The Panagyurishte Treasure is a Thracian treasure which was found on the grounds of the ceramic factory Meroul near the town Panagyurishte, Bulgaria on December 8th, 1949. The treasure was found by three brothers, Pavel, Petko and Michail Deikov when they were digging clay for bricks. It consists of a phiale, an amphora, and seven rhytons with a total weight of 6.164 kg or 24-karat gold.
At first, the brothers thought that they had merely discovered some hidden Gypsy brass instruments. Then, Dr. Petar Gorbanov, curator of the local museum, arrived at the site. He concluded that the treasure dated from the 4th-3rd centuries BC, and is thought to have been used as a royal ceremonial set by the Thracian king Seuthes III.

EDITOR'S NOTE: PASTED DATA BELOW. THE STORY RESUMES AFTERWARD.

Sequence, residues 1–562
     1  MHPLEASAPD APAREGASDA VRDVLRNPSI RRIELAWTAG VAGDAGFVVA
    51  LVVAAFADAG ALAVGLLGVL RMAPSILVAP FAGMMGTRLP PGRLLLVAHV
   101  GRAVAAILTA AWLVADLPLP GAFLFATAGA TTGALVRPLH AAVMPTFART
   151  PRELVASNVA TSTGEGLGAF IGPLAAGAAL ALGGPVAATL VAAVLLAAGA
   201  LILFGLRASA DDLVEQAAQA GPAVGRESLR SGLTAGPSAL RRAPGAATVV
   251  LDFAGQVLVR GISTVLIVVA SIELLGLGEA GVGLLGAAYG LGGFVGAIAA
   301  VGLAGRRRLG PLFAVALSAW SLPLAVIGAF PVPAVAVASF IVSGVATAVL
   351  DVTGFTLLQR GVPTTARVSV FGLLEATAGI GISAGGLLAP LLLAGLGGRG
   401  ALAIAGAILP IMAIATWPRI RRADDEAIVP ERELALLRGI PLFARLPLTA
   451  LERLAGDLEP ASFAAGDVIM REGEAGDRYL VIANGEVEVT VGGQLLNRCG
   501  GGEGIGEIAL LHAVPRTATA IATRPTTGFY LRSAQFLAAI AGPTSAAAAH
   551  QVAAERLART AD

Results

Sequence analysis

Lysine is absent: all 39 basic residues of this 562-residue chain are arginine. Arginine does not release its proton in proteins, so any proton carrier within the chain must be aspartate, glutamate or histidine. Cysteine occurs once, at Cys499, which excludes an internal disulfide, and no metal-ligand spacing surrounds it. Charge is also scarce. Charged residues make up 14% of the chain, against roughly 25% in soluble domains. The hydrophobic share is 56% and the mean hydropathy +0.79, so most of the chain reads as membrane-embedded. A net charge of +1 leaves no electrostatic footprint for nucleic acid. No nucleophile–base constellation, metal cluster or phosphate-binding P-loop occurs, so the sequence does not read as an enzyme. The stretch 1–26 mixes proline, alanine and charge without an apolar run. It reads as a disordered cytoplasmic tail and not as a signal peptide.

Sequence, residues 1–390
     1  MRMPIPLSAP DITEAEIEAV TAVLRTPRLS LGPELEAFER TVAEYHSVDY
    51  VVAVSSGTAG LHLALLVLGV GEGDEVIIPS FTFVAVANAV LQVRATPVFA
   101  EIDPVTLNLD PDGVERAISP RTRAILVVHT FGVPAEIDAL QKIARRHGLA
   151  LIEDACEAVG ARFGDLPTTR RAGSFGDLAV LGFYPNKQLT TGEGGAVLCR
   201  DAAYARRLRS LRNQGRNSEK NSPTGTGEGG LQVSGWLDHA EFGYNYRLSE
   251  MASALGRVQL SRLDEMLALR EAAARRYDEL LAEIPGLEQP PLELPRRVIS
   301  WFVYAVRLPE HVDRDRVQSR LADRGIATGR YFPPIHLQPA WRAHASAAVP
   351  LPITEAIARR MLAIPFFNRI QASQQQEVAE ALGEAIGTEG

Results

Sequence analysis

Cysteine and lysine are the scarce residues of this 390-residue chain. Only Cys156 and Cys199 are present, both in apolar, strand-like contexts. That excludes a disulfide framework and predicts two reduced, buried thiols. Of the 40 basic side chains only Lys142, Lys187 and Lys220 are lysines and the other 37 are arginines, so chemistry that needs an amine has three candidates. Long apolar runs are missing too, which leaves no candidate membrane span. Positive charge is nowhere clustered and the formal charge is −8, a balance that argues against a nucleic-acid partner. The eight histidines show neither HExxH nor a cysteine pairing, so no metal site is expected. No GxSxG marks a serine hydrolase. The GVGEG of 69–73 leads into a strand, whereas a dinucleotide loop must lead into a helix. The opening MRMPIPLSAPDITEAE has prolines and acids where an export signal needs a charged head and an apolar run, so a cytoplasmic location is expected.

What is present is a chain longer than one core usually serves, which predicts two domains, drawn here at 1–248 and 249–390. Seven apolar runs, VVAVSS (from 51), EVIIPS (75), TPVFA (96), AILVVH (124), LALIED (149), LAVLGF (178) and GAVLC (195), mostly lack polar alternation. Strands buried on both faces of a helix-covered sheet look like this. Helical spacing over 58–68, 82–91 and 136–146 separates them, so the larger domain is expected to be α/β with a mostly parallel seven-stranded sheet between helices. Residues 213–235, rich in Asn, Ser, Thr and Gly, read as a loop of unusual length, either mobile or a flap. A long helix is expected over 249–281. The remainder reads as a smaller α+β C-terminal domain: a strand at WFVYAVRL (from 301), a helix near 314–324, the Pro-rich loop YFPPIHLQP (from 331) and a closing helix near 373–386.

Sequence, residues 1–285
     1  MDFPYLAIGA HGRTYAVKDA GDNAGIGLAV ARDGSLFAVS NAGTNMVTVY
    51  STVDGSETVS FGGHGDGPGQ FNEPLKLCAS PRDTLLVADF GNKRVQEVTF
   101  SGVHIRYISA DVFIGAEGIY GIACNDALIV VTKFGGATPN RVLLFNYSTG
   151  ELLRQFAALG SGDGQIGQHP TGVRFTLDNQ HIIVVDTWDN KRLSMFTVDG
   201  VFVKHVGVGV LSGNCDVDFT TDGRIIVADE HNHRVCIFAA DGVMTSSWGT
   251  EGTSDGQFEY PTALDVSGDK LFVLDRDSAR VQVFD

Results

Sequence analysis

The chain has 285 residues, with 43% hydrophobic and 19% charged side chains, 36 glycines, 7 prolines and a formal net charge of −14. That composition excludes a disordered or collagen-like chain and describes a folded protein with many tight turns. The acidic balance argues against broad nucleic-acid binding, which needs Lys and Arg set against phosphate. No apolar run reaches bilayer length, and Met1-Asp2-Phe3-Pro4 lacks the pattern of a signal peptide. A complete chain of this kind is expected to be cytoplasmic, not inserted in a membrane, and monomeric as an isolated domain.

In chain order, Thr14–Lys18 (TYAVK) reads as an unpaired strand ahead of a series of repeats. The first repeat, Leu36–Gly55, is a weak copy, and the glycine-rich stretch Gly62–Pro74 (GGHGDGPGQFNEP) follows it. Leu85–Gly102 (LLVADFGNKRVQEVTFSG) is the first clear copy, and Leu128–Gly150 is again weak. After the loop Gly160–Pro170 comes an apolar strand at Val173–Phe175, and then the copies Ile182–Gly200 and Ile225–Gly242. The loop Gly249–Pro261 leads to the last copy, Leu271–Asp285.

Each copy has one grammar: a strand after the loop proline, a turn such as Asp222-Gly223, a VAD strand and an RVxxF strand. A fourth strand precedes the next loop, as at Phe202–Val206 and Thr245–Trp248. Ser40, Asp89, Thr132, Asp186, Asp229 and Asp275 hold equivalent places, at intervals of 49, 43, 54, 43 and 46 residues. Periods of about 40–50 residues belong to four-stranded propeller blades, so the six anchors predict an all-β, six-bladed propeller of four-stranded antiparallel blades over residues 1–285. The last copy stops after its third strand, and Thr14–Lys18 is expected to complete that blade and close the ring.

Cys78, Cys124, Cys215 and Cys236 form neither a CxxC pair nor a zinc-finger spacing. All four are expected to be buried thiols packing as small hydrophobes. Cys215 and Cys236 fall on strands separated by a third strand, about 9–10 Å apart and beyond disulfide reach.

The treasure was given to the local authorities, which sent them on to Plovdiv and kept them in the vault of the Bulgarian National Bank. There are three faithful copies, which are exhibited worldwide.
The objects of the treasure are richly and skillfully decorated with scenes of Thracian myths, costumes, and life.
The Phiale is a dish or a vessel for ritual libations decorated with relief figures and a hemispherical divot in the middle. It is about 25 cm in diameter, and its bottom symbolizes the sun.
Four of the vessels are rhytons, they are shaped like female and animal heads, two of which are of fallow deer and one is like a ram’s head. They are often described as wine cups used by the Thracians but, a rhyton is,in fact, a ritual cup for sanctifying wine.
The treasure has been displayed at various museums around the world as one of the best known surviving artifacts of Thracian culture. The original treasure is the centerpiece of the Thracian art collection of the National Museum of History in Sofia.